Monday, April 14, 2008

Ultra Training Plans -- uncovered and reviewed (pt 2)

In February I reviewed one of the ultra training plans that I found online. This is the second installment of the series.

Runner's World: The Ultimate Ultramarathon Training Plan (by Doug Rennie).

"You don't have to be crazy to run an ultramarathon. You just have to be ready." Amen to that. At first glance, I was not impressed with this plan, possibly due to its claim to be "the ultimate." But after a more careful review, I like it. Despite what I see as a few flaws, this short-but-simple plan will help you get ready for a 50-miler without requiring you to train for hours every day.

A couple key points:

  • Your long run should be up to about 15-18 miles before starting this 16-week schedule. That makes this schedule perfect for the half or full marathon runner looking to move up to ultras.
  • "Ultra training is not about speed... but rather time on your feet." To accomplish this they recommend the long run sandwich (not long enough, in my opinion -- more on that later), with a day of rest before and after.
  • They add in some interval work to keep us from "settling into a semipermanent slow slog." I am a firm believer in that.

They list 8 "rules of the road," only one of which I really disagree with. They recommend picking the flattest race possible to avoid the "added stress of steep hills..." Some of my favorite things about ultrarunning involve steep hills (walk breaks, beautiful climbs, the relief of reaching the top, blasting down the other side). Plus, most ultrarunners I know prefer a mix of terrain to keep from working the same muscles.

Key "rules" that I do agree with are: train on the terrain that you are going to race on, take walking breaks, and eat/drink whatever worked for you in training -- even if it means bringing your own aid.

The Schedule

Their schedule includes 2 days of rest on either side of the weekend long run "sandwich." The long runs are expressed in terms of minutes and hours, which makes it easy to just get out there and move -- without thinking of pace or distance.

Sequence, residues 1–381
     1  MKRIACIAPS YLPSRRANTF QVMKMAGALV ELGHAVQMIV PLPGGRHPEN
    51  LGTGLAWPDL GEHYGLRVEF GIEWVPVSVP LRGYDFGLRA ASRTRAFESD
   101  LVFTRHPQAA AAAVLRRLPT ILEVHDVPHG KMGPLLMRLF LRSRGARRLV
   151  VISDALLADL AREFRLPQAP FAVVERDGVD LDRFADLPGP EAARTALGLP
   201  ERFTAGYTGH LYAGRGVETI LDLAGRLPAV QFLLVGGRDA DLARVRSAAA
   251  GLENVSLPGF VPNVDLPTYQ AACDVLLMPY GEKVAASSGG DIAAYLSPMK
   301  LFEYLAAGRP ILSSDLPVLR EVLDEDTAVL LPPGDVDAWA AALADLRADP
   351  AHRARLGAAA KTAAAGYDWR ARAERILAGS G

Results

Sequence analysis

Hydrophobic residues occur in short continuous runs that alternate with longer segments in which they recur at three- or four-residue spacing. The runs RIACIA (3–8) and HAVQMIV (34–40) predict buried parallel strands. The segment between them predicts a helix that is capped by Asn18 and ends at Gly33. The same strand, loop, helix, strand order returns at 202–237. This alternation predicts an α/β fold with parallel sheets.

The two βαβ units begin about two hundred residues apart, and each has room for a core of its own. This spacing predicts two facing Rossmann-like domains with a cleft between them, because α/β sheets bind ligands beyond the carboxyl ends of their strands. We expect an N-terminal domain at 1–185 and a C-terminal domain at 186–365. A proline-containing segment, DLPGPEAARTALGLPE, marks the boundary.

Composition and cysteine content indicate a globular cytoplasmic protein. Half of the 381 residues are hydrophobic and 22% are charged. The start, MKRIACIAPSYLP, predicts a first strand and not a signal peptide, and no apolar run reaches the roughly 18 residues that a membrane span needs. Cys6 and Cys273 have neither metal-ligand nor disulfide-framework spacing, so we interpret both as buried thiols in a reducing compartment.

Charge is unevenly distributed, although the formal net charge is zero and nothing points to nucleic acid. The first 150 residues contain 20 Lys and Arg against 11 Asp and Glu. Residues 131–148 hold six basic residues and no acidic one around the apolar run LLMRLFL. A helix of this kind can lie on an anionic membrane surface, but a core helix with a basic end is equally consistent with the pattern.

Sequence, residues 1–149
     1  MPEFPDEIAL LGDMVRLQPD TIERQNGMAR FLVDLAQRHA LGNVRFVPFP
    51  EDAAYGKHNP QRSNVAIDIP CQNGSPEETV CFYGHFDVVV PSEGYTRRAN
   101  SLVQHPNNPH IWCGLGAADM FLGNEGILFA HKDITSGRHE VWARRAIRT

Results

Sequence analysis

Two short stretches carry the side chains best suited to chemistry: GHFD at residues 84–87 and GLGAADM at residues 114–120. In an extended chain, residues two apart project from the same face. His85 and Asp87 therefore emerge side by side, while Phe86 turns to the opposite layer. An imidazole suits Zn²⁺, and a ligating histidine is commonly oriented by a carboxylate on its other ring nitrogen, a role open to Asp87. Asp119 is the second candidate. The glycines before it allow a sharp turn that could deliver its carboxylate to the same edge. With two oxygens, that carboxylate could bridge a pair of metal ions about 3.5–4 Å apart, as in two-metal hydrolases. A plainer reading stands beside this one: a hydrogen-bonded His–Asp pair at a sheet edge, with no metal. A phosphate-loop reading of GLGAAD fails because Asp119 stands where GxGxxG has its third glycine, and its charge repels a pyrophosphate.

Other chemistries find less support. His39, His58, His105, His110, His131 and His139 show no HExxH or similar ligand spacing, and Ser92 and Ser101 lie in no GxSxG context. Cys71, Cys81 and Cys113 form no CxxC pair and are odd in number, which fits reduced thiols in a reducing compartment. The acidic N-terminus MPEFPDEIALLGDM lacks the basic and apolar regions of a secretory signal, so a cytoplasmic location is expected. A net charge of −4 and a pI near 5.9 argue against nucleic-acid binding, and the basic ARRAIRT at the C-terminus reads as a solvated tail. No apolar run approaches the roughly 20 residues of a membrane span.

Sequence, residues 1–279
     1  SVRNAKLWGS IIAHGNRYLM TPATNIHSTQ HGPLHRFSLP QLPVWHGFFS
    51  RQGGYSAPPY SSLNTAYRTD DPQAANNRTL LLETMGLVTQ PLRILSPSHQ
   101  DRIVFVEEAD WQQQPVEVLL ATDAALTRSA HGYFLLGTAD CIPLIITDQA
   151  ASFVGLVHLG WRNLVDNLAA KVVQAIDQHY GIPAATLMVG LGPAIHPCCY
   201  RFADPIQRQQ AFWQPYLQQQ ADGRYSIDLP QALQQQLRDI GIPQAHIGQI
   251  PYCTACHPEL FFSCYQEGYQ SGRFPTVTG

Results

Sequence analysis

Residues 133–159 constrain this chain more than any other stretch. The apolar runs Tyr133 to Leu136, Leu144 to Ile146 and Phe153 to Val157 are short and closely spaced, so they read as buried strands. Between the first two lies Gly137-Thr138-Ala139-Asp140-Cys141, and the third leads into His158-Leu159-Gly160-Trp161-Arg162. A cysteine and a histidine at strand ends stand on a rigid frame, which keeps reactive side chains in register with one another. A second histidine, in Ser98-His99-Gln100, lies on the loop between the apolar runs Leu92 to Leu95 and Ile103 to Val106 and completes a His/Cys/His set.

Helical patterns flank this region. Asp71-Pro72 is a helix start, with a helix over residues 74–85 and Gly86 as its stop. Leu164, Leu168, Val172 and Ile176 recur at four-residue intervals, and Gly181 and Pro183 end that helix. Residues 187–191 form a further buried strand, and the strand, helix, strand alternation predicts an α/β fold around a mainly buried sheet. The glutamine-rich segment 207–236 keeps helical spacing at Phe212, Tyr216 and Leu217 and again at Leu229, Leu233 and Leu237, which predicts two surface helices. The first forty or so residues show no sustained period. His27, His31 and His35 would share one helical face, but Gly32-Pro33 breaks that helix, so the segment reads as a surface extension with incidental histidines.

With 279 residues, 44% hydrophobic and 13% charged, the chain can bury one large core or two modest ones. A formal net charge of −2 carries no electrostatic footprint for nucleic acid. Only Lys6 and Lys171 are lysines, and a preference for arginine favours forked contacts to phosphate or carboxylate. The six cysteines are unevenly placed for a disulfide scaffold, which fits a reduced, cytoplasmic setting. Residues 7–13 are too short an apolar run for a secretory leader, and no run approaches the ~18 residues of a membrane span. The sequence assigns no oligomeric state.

• Monday -- rest.
  • Tuesday runs are always 10 miles or less, with some 1-mile intervals at 10-miler pace. This keeps speed in the legs.
  • Wednesday is always an easy 5-mile jog. I think this could be turned into an off day or a fast day, depending on how you feel. Training plans have to be flexible.
  • Thursday is a less-than-10 mile run.
  • Friday -- rest up for the long runs ahead.
  • Saturday starts at 1.5 hours, and works up to 4 hours. They don't recommend a pace here, but when I do a long run sandwich, I prefer to run faster on the first day. I think it produces a greater benefit and gets me used to running on tired legs (the second day).
  • Sunday is usually a bit longer than Saturday. A couple of the weeks call for marathon pace in the last hour. Again, I prefer to run harder on the first day of the sandwich. Or both (or neither). Again, train for how you feel.
(Note on their long run days: Their longest sandwich is a 4 hour Saturday followed by a 5-hour Sunday (which they estimate to be 27 miles). In my experience, that is not long enough to prepare you for what will most likely be a 8 or 9 hour 50-miler. I would prefer to see one of those days stretch into 6 hours or more.)

I think this basic plan is almost perfect for the middle-distance runner (10-miles to marathon) looking to step up to ultra distances. The key to any plan is flexibility, which this plan does not specifically allow for. So it is up to you to train according to how you feel. Try to stay at the challenging end of your comfort zone without risking injury. If in doubt, take an easy or off day. If you feel like running a few more intervals or running faster or longer, do it.

I don't visit much, so I was surprised to see that they do have a good bit of ultra content. I especially enjoyed the interview with Tim Twietmeyer (who contributed a chapter to "Running Through the Wall").

Run hard out there.

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